Gulls at landfills are so frequent that their stomach contents are sometimes used to monitor artificial in the environment.
But plastic, research has found, is just the start.
“It was also aluminum, drywall, wax instrument,” said Sahar Seif, an undergraduate at Ottawa’s Carleton University, who is the mislead author of a recently published paper.
“I have photos and you can actually review the cheese wrapper I found in the bird and glass that you could review. Just big chunks, really.”
Seif and her co-authors looked at three gull species frequenting a landfill in St. John’s, Nfld.
Necropsies of 41 birds institute plastic a-plenty in their stomachs. Foam seemed favoured, accounting for sundry than one-quarter of all the debris found.
More than 20 per cent of the peaces were bits of metal and glass. Building materials made up numerous than five per cent.
“There were a lot of big things,” Seif ventured. “I found rope. I found a piece of plastic knife.
“There’s a lot of talents in there for sure. They’re not selective.”
Could be more
Pictures advertised along with her paper show an entire fast-food plastic elevenses bag stretching 13 centimetres from top to bottom.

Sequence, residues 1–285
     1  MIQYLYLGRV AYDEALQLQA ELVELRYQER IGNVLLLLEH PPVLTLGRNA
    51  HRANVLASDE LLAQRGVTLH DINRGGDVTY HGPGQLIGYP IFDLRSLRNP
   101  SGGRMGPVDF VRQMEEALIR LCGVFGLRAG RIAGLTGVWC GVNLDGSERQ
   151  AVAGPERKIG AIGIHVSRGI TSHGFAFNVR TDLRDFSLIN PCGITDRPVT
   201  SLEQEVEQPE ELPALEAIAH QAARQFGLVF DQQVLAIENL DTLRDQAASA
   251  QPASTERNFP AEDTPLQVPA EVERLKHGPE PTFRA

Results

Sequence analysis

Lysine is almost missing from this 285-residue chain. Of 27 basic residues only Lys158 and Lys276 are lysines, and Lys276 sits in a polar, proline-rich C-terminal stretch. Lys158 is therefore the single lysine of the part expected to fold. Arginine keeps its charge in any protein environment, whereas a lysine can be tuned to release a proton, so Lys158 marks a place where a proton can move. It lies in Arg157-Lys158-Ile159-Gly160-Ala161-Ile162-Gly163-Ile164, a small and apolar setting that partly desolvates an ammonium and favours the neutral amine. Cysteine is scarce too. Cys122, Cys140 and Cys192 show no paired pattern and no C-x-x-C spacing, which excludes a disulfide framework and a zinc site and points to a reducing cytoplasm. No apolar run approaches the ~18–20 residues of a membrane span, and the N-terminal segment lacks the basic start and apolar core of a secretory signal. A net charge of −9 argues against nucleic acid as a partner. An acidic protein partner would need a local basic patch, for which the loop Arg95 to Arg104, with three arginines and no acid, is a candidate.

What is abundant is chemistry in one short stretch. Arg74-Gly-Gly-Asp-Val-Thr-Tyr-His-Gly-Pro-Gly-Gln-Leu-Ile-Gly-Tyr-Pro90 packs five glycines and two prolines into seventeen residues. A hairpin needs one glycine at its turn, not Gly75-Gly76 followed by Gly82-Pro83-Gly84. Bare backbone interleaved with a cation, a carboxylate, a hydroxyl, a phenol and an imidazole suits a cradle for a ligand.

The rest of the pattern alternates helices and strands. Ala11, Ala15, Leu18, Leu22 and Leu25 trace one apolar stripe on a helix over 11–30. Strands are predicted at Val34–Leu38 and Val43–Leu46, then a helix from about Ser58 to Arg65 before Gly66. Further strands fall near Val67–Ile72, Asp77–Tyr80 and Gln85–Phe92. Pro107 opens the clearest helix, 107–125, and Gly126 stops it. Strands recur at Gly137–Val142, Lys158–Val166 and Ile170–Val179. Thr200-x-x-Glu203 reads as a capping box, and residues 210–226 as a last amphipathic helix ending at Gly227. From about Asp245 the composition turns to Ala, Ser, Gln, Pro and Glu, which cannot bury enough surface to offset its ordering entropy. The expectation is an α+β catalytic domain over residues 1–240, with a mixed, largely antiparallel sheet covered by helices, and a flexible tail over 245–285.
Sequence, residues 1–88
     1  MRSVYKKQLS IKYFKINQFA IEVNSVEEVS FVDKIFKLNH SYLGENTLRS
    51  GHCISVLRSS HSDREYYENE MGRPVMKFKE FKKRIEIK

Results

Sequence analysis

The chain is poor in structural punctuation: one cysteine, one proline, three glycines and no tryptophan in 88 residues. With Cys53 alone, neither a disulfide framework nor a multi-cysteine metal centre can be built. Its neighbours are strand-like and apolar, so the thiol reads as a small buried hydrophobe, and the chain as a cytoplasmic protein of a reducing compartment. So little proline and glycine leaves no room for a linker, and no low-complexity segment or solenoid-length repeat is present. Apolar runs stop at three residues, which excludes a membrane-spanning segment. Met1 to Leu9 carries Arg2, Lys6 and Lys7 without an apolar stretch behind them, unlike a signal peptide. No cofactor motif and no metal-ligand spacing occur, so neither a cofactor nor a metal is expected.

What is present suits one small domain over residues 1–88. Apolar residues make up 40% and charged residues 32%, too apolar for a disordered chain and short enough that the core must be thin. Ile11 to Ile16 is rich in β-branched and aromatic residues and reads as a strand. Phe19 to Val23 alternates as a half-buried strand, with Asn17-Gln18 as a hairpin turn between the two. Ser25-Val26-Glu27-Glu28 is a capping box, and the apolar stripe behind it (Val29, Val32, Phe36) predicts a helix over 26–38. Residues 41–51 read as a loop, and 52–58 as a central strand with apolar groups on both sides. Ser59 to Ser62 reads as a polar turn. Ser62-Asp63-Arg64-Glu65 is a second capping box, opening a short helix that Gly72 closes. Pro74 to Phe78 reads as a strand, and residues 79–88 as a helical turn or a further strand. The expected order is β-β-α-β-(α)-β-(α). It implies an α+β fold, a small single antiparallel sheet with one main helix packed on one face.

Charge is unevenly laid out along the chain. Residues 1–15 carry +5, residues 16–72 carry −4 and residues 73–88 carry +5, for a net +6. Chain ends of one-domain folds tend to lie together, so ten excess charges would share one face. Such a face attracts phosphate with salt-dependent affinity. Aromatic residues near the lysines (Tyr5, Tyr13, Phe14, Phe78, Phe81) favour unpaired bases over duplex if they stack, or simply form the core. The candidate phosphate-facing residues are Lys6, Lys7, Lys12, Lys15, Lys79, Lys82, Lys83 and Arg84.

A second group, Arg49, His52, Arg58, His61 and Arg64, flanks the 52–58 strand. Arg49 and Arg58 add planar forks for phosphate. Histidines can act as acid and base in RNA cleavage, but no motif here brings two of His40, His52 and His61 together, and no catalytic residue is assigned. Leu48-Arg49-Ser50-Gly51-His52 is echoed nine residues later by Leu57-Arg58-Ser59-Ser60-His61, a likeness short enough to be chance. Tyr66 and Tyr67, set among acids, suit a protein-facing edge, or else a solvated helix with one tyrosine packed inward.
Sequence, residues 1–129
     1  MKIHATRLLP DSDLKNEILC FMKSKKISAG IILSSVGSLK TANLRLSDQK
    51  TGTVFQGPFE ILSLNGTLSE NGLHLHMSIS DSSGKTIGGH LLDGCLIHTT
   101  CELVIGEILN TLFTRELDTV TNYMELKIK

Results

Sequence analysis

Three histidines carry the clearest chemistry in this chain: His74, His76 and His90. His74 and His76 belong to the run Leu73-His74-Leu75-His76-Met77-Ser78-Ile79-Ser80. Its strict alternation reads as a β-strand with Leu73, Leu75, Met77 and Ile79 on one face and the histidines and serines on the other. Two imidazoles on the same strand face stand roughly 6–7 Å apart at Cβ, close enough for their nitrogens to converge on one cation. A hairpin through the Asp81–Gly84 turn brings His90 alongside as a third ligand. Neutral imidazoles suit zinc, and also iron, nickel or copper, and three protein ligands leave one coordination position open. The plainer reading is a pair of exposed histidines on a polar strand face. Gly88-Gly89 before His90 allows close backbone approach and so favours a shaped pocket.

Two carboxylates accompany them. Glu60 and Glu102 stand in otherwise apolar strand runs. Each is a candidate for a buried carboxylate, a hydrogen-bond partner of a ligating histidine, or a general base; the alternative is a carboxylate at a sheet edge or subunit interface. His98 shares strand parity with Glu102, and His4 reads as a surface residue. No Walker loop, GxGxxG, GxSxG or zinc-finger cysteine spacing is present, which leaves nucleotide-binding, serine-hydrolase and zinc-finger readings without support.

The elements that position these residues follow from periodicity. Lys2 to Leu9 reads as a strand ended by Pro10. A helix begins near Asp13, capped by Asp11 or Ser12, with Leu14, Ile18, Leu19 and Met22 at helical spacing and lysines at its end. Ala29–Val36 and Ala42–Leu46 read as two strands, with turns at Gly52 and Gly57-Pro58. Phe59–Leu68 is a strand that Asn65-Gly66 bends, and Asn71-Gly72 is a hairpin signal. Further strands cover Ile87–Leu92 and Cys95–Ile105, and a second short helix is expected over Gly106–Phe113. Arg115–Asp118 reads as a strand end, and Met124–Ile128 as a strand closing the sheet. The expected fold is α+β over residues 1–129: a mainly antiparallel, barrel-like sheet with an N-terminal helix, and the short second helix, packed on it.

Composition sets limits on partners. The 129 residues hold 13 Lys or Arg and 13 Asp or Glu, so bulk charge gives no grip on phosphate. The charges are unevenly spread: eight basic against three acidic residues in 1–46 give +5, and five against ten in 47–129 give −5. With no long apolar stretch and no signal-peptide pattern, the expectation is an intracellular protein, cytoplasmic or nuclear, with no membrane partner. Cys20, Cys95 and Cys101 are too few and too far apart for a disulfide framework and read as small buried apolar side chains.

And that’s not likely to be the totality picture. Gulls have the ability to regurgitate anything that topsy-turvies even their cast-iron constitution, so Seif warns that what she institute can only be considered a snapshot.
“It’s a small fragment of what the birds were in reality eating.”
Remarkably, the gulls didn’t seem to be suffering from their unsystematized dining. They seemed in good shape and there were no clear-cut links between human debris in a bird’s stomach and the presence of inflammations or lesions in its stomach lining.
Regurgitation probably helps, suggested Seif.
So does their broad constitution.
“They are very tough in that regard.”
Gulls evolved as scavengers, declared Seif. They are opportunistic by nature and even in the wild regurgitate potentially dangerous tidbits such as sharp bone fragments.
But there is a more critical side to her work.
If gulls are scavenging so much debris from landfills, other seabirds such as fulmars are as likely as not eating similar things, said Seif. And they’re not as tough as the gulls.
It’s quite unusual for an undergraduate to publish original research. But Seif said she experiences so strongly about the issue that she looked for three years for a director that would support and assist her work.
Almost everything Seif develop in the gulls, from plastic to aluminum to glass, was designed to be used definitely and tossed away, she said.
“We were trying to get people to implement more waste management and reduce the use of one-use plastic.”